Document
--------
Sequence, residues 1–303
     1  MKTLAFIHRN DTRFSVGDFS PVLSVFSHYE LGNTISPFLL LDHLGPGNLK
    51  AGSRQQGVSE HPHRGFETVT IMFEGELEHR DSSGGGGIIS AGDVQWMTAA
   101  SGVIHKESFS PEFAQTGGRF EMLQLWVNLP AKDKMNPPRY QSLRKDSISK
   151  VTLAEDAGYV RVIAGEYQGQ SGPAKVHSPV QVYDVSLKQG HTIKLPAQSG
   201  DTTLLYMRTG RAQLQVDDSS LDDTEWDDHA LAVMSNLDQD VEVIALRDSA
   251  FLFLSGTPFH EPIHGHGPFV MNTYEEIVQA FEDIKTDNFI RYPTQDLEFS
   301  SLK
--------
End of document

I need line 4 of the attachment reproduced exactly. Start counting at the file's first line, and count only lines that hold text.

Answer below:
   101  SGVIHKESFS PEFAQTGGRF EMLQLWVNLP AKDKMNPPRY QSLRKDSISK